The affidavit of Sumner acknowledges that those are the financial reports which he prepared. No explanation is given for the corporate name which was then used or the style of the signature on the letters. Giving credence to the uncontradicted portions of the Lundgren and Sumner affidavits, the reasonable inferences are (a) "Robert A. Lundgren C.P.A., P.C." is the corporate name formerly used by the corporation later known as "Lundgren, Sumner & Co." and (b) that the handwritten signature was the signature of the corporation and not of R. A. Lundgren.

FN 2. Section 58.185 provides: "(1) This chapter does not affect the law applicable to the professional relationship and liabilities between a person rendering professional service and a person receiving the service, and it does not affect the standards of professional conduct of a profession.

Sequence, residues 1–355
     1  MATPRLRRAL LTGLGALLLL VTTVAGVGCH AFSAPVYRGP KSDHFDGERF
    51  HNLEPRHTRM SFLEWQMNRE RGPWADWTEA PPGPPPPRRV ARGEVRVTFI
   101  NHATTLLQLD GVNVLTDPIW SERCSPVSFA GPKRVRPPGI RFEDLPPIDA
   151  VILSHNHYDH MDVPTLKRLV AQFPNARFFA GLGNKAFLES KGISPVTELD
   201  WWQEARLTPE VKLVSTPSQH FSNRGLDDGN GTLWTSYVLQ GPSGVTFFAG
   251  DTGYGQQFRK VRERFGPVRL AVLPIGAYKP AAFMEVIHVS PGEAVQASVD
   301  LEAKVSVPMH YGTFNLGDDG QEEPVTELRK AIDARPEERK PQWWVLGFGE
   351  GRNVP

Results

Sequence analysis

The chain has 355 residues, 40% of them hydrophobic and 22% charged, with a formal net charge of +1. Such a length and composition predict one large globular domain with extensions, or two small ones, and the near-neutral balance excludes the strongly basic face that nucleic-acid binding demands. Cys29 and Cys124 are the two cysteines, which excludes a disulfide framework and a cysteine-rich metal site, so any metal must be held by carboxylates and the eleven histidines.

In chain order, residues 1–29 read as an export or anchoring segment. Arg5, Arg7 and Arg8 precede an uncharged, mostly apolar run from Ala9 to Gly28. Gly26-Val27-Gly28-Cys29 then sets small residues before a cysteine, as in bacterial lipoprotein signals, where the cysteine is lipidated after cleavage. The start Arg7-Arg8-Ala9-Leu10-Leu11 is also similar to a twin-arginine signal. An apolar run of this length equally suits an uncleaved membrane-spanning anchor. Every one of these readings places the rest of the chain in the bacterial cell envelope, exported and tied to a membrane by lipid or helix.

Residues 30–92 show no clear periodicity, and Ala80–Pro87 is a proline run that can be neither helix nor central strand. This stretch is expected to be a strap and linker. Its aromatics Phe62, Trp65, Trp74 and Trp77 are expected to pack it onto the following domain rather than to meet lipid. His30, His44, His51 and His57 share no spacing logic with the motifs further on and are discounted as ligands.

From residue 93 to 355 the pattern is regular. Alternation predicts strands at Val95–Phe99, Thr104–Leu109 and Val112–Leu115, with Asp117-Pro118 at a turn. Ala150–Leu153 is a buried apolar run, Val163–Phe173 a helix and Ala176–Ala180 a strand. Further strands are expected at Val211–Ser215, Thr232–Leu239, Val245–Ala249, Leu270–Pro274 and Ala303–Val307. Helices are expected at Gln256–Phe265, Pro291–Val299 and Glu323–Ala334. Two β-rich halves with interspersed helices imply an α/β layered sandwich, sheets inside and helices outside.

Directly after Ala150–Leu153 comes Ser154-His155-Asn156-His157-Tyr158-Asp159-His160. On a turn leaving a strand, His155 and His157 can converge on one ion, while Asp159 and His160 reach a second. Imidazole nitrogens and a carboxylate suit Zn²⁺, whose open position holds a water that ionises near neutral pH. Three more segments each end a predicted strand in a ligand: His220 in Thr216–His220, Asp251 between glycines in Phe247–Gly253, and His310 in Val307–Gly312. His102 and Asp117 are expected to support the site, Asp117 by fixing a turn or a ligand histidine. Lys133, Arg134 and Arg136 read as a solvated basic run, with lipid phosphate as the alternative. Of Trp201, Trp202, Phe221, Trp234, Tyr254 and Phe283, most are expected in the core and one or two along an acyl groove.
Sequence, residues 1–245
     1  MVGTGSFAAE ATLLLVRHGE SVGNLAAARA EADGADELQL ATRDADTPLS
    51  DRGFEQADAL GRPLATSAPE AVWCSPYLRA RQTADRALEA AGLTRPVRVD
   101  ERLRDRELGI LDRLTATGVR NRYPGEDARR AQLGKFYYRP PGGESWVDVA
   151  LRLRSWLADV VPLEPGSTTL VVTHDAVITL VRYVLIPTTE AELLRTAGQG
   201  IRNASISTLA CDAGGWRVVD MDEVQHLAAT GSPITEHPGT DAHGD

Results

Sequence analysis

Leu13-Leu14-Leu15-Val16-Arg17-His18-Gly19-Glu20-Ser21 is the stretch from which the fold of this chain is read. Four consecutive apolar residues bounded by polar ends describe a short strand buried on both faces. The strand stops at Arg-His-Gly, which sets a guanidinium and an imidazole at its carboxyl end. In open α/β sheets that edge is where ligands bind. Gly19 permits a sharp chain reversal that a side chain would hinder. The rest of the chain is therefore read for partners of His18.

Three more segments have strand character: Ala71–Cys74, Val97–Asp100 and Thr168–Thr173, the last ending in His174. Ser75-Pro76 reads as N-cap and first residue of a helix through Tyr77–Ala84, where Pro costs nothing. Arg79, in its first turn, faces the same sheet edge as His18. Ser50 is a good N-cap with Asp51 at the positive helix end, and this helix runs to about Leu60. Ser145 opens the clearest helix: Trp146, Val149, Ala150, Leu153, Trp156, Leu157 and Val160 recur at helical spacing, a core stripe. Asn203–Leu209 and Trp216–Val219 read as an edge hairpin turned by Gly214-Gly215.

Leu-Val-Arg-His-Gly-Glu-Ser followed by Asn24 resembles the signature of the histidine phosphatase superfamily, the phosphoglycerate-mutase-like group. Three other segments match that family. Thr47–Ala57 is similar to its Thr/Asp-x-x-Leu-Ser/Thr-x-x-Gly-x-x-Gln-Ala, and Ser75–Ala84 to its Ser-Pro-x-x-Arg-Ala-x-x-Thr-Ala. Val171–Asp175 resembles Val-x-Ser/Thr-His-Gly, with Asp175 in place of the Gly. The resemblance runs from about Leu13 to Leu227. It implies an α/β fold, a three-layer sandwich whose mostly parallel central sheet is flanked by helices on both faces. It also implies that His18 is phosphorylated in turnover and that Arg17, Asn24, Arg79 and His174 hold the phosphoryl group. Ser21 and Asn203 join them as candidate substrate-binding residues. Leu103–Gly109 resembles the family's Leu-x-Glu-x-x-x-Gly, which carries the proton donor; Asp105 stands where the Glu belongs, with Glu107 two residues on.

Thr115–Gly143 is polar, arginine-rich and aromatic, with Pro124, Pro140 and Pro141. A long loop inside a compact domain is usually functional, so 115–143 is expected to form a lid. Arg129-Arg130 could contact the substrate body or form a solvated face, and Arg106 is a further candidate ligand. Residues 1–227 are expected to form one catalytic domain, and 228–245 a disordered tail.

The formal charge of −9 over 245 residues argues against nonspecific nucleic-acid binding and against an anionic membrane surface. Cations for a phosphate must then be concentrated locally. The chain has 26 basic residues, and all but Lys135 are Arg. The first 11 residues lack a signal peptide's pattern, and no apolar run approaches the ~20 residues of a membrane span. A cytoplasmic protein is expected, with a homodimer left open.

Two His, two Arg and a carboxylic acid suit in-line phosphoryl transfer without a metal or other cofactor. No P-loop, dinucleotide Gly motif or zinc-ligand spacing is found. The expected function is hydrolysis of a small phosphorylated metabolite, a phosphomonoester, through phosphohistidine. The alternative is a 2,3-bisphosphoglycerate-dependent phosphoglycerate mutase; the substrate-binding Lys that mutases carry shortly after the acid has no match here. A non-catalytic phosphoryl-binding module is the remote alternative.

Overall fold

"(2) A shareholder of a professional corporation may be held: (a) Personally liable for negligent or wrongful acts or misconduct committed by him, or by a person under his direct supervision and control, in rendering professional service on behalf of the corporation to a person receiving the service as if he were rendering service as an individual.

"(b) Personally liable for his own negligent or wrongful acts or misconduct in participation with such acts or misconduct of another shareholder or a director, officer, employe or agent of the corporation.

"(c) Jointly and severally liable with all of the other shareholders of the corporation for the negligent or wrongful acts or misconduct committed by any shareholder, or by a person under the direct supervision and control of any shareholder in the rendering of professional services on behalf of the corporation to a person receiving the service.

"(3) Notwithstanding subsection (2) of this section, the corporation shall be liable for its acts in the same manner and to the same extent as any corporation organized under the Oregon Business Corporation Act. However, the shareholders, directors, officers, employes and agents of the corporation are not personally liable for the debts or other contractual obligations of the corporation, except as provided in subsection (1) of ORS 57.131."